Bipartisan Commission: Early Voting Prevents Chaos At The Polls


The bipartisan Presidential Commission on Election Administration released a series of recommendations Wednesday morning to avert the hours-long lines and chaos at the polls that has characterized the past several presidential elections. The suggested reforms, from expanded early voting to online registration, fly in the face of the voting restrictions passed and promoted by conservative lawmakers and activists.

The Commission, formed by an executive order after the chaotic 2012 election, found several issues at the root of long voting lines, including mismanagement, limited resources, long ballots, unreliable accommodations for non-English speakers and disabled voters, and the absence of a national voter registration list. Because of all these variables, a voter’s experience can vary dramatically depending on which polling place they are assigned. To fix these issues, the report calls for online voter registration in every state, as well as an interstate exchange of voting lists to make sure voter rolls are up to date. More technical reforms, such as updating voting machines and centralizing data collection, are also crucial for future elections, the report states.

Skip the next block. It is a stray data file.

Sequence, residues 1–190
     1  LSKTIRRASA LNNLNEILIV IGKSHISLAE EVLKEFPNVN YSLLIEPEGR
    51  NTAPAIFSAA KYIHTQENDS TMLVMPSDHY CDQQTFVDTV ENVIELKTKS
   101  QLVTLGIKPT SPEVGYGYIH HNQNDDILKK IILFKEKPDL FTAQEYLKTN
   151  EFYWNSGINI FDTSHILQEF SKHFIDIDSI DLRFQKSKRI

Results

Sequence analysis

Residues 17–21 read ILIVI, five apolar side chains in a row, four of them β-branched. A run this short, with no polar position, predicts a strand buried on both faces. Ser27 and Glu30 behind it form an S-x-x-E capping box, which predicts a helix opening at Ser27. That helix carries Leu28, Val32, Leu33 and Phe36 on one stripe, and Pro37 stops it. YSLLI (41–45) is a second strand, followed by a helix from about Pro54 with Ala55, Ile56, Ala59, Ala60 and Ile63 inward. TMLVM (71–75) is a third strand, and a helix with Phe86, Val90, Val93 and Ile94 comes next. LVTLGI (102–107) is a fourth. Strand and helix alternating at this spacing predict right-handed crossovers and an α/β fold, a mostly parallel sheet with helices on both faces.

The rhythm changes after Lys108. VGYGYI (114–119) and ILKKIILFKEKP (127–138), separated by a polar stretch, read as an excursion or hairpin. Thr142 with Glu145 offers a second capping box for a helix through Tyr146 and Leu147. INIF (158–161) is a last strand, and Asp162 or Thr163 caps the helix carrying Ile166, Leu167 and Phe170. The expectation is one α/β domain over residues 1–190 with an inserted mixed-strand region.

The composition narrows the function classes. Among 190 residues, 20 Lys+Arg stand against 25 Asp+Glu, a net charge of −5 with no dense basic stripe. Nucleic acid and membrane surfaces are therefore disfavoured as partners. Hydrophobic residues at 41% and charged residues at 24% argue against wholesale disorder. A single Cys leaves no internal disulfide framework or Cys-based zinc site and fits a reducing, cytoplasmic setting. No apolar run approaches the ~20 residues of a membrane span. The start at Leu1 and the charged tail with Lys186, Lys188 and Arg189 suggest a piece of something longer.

It also focuses on expanding opportunities to vote. To prevent long lines and make voting as convenient as possible, early voting and mail-in ballots should become the norm in every state, according to the report.

Republican-controlled legislatures have enacted exactly the opposite election law changes in recent years. Cutting back early voting hours and lengthening ballots led to marathon lines in Ohio and Florida, where some would-be voters were still waiting in line at 1 am, long after the election had been determined. Prominent Florida Republicans later admitted that these voting restrictions were specifically intended to make it harder for Democrats to vote. Though the state ultimately went to Obama, the voter suppression tactics worked; an estimated 201,000 Floridians were discouraged from voting because of the long lines.

Florida is hardly alone in its voter suppression efforts; a recent study found that voting restrictions are more likely to be introduced in states where more people of color turn out to vote. Some of these states are already gearing up for the next election by cutting the number of absentee ballot drop-off sites, restricting voter registration, and purging the voter rolls of legitimate voters.